The Good, The Bad, and The Ugly

With so many people against guns, it must perplex some that many people enjoy using guns to “play” cowboy. When my husband and I first married, we were ballroom dancers. We were not the kind that competed, but we spent hours at the studio trying our best to emulate our professionals. Age took its toll and with aching knees and hips we decided to find another hobby we could do together.

A few months later, my husband found this new sport called single action cowboy shooting and asked me if I was willing to try it. I had never shot a gun or even liked guns but I missed our special times so I said, “Yes.” The beginning was rocky. I liked my pistols and rifle, but I was not fond of my shotgun. I missed a lot and it hurt my shoulder to shoot it. After some further research my husband, Steve, modified my gun, which helped, but I still missed shotgun, most of the time. I enjoyed practice. Shooting my pistols and especially my rifle was fun. But going to the matches were a challenge. Not only were we not welcome at one of our clubs, but my shooting abilities were abysmal. Steve did much better and soon discovered another club that was welcoming and helpful.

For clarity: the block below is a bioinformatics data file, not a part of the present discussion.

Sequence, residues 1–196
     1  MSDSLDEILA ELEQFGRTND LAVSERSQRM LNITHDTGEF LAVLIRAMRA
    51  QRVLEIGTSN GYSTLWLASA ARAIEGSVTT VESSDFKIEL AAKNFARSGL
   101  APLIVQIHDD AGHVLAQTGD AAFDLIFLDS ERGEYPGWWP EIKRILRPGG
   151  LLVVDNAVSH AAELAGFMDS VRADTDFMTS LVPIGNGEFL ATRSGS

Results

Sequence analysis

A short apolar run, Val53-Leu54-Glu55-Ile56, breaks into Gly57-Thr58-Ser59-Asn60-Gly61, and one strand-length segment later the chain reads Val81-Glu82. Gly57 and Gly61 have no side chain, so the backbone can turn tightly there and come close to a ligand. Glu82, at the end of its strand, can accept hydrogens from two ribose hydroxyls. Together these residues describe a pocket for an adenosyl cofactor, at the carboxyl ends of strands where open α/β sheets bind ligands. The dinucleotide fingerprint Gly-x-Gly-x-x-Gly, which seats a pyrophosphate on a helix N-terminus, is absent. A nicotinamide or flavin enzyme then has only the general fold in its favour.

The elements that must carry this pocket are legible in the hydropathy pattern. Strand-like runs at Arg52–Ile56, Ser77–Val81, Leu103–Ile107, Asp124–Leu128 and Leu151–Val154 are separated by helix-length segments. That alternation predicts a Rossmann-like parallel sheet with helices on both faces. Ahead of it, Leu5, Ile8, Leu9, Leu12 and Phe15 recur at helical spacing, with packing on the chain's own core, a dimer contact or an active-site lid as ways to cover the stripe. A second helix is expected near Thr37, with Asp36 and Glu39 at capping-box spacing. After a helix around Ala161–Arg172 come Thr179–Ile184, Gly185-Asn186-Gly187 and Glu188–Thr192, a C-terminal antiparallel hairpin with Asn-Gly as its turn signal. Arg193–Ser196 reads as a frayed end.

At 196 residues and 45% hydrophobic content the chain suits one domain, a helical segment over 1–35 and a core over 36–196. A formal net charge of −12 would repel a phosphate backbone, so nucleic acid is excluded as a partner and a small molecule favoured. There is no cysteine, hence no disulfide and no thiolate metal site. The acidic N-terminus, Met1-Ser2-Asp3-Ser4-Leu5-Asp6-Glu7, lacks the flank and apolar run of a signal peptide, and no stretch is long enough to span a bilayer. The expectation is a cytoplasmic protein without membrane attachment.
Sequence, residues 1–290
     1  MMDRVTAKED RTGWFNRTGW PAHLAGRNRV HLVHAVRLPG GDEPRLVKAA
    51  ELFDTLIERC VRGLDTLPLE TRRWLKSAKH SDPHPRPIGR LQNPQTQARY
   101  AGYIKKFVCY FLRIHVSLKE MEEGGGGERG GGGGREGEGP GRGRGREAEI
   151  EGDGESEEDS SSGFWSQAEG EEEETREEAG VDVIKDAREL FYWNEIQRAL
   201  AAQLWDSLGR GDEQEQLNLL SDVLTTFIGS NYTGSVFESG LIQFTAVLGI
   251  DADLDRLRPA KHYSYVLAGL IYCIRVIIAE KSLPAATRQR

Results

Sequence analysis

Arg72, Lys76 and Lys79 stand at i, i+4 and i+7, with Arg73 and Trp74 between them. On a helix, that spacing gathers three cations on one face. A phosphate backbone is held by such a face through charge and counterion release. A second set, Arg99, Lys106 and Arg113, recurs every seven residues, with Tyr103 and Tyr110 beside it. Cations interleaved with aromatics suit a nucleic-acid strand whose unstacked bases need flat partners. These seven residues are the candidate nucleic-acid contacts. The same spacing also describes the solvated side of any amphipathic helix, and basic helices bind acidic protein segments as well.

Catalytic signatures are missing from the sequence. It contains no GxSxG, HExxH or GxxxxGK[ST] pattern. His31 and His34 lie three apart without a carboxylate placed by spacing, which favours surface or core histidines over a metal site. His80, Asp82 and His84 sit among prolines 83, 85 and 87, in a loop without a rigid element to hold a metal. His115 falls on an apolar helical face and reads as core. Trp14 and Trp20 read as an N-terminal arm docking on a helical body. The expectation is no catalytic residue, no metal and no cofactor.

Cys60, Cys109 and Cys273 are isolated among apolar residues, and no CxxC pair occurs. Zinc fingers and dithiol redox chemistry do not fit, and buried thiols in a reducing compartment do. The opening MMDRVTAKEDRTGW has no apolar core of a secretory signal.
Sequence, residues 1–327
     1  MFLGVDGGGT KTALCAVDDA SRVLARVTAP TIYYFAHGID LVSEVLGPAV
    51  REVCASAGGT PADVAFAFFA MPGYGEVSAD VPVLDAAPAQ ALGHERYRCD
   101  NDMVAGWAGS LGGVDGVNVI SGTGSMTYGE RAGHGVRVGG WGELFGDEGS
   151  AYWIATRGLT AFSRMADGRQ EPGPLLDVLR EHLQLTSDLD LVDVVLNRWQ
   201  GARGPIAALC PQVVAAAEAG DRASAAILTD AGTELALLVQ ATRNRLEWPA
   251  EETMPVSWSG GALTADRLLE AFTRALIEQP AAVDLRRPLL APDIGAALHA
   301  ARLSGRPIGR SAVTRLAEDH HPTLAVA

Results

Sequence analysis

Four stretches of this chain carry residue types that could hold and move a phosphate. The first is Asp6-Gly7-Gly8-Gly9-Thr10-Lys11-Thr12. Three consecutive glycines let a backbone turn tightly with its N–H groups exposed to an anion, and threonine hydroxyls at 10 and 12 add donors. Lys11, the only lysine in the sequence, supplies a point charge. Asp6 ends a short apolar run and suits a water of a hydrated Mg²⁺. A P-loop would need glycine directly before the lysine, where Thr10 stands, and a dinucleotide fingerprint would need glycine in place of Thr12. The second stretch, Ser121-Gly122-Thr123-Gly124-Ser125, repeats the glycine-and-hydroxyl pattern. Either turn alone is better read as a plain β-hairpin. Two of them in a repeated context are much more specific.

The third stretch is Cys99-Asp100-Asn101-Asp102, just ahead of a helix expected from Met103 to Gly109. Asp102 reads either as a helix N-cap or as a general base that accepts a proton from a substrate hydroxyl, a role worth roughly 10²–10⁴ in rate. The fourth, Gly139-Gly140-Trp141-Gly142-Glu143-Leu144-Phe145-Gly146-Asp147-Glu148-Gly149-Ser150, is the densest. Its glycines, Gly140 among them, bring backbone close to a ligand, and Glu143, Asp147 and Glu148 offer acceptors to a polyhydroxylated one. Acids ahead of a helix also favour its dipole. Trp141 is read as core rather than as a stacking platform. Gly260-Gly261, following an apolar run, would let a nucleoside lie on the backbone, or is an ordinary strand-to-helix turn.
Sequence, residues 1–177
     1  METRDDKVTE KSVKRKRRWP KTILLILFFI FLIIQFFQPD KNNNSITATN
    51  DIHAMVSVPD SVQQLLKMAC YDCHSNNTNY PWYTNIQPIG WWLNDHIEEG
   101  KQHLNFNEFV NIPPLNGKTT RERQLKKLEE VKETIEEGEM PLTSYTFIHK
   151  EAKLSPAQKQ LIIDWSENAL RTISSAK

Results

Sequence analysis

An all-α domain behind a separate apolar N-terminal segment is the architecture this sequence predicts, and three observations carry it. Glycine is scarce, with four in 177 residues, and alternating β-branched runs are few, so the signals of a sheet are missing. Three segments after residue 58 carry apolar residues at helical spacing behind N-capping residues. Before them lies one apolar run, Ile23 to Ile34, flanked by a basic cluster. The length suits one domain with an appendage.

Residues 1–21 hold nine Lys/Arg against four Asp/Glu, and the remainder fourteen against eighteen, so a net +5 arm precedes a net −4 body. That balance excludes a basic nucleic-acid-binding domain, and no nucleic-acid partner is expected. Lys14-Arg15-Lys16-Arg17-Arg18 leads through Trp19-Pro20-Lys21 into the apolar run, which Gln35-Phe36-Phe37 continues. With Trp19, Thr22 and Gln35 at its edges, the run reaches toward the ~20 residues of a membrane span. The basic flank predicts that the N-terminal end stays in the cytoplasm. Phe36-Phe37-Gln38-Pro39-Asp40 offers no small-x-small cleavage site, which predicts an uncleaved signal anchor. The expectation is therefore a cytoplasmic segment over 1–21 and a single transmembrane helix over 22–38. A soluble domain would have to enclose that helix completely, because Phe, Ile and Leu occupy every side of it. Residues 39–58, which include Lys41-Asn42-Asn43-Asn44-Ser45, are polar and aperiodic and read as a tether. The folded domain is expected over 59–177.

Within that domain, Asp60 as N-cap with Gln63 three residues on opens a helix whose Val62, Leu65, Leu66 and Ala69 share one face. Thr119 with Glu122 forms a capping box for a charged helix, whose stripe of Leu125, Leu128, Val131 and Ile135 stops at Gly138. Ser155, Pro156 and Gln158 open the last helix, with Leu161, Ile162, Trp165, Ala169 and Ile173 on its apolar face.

Little by little, we improved and after taking a class with the famous Half-A -Hand Henry, I was finally able to break the curse with my shotgun and actually started hitting shotgun targets! I wish I could say that it was easy after that, but I had a curse worse than my inability to shoot shotgun. It was my attitude and temper. When I successfully shot a stage (there are usually 6 per match), I was moderately satisfied. But, when I missed too many targets, had a procedural (shooting in the wrong order), or made some other dumb mistake, I became sullen, teary eyed, and went off to sulk, by myself, until I could regain my composure. This was a challenge for years, even though I learned to hide it, somewhat, as I became more experienced. Holding on to self-condemning thoughts and feelings led to more misses and more train wrecks on the range. It took several more years to learn to let go of the mistakes I make on a stage and move forward to the next, with a clear head and a positive attitude. Satan still tries to break my spirit by tempting me to brood over a bad performance, but I am learning to reject those feelings and get back in the game, more easily.